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Climate Change, Irrigation and Pests: Examining Heliothis in the Murray Darling Basin

David Adamson ()

No WP1M10, Murray-Darling Program Working Papers from Risk and Sustainable Management Group, University of Queensland

Abstract: Helicoverpa spp. (heliothis) are a major insect pest of cotton, grains and horticulture in the Murray‐ Darling Basin. Climate change is likely to make conditions more favourable for heliothis. This could cause regional comparative advantages in irrigation systems to change as management costs increase and yields decrease. Irrigation in the Murray Darling Basin produces 12 percent of Australia’s total gross value of agricultural production. If producers fail to consider climate change impacts on heliothis they may misallocate resources.Adamson et al. (2007 and 2009) have used a state contingent approach to risk and uncertainty to illustrate how producers could allocate irrigation resources based on climate change impacts on water resources. This is achieved by separating environmental risks and uncertainties into defined states of nature to which the decision makers have a set of defined responses. This approach assumes that the decision makers can achieve optimal allocation of resources as they have perfect knowledge in how they should respond to each state of nature (i.e. producers know how to manage heliothis now). Climate change brings a set of new conditions for which existing state parameters (mean and variance) will alter. Consequently a decision maker will have incomplete information about the state description; and the relationship between state allocable inputs and the associated state dependent output, until they have experienced all possible outcomes. Therefore if producers ignore climate changes to heliothis they may lock in resources that may prove to be unprofitable in the long run. The purpose of this paper is to suggest a framework that could be used for determining climate change impacts of heliothis (i.e. density), illustrate that management costs rise as density increases and how a stochastic function could deal with incomplete knowledge in a state contingent framework.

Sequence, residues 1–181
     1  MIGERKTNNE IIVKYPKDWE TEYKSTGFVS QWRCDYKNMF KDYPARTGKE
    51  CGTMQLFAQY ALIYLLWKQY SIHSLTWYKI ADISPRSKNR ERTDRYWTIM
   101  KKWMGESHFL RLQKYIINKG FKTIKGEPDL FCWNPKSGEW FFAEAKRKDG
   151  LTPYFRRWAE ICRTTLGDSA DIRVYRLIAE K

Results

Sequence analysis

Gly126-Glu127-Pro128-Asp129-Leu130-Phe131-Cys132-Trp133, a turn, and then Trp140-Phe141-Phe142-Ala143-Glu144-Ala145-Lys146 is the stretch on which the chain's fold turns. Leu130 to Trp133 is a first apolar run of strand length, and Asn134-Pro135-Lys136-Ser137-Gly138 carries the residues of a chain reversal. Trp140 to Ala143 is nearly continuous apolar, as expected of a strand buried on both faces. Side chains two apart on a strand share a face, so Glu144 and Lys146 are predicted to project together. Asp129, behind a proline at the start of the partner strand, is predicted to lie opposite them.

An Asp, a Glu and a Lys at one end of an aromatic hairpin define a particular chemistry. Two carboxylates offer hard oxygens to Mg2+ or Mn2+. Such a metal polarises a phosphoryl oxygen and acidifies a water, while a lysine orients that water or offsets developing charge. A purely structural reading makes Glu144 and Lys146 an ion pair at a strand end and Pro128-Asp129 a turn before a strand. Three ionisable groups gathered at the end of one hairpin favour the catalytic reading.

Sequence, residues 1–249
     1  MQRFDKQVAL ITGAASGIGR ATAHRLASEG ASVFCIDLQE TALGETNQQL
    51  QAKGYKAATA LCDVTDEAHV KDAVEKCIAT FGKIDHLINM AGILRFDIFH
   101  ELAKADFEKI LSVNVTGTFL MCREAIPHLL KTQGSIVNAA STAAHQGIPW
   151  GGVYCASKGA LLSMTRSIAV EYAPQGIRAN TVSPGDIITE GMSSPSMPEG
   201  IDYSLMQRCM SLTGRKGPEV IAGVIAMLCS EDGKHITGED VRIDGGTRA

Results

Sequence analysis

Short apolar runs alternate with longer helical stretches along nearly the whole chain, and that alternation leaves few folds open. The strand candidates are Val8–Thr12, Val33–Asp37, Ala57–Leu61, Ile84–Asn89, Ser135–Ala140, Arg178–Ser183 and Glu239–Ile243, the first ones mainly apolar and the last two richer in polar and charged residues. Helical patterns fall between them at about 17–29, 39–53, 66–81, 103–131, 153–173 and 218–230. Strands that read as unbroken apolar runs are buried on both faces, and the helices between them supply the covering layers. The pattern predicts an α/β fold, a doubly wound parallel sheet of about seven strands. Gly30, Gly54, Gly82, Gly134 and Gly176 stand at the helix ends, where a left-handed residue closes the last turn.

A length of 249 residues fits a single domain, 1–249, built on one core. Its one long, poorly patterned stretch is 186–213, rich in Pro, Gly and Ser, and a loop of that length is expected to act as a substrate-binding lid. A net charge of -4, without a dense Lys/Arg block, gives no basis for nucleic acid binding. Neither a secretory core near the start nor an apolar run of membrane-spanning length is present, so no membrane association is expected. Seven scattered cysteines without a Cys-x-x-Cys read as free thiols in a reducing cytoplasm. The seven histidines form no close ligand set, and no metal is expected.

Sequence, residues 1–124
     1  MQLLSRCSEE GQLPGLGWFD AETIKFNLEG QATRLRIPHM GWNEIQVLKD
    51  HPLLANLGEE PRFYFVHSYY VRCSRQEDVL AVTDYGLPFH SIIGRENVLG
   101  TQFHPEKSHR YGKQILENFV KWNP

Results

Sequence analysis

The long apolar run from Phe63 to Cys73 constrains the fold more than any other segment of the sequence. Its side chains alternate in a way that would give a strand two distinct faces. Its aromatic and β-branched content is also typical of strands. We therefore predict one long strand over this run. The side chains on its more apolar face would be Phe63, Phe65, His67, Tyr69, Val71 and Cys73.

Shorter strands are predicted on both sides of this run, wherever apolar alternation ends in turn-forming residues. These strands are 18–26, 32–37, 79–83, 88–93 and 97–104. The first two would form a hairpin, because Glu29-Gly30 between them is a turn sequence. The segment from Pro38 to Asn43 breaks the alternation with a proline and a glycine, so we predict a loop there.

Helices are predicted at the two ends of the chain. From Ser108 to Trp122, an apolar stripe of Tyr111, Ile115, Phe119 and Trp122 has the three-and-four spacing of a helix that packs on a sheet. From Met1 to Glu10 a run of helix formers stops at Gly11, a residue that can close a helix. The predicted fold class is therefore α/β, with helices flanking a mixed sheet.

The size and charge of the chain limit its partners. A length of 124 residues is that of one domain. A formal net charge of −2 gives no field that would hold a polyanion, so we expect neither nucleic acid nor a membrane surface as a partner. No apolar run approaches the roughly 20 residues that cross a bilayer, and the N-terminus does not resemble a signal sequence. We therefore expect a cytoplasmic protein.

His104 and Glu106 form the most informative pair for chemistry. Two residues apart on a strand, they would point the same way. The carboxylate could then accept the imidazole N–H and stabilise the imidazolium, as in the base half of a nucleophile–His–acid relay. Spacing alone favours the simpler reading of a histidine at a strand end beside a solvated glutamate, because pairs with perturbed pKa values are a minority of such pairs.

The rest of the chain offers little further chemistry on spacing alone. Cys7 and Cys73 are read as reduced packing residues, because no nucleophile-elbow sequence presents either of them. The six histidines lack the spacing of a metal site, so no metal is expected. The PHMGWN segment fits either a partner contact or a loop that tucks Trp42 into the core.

Keywords: Murray Darling Basin; Heliothis; Irrigation (search for similar items in EconPapers)
Date: 2010-11
New Economics Papers: this item is included in nep-agr, nep-ene, nep-env and nep-res
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Working Paper: Climate change, Irrigation and Pests: Examining Heliothis in the Murray Darling Basin (2010) Downloads
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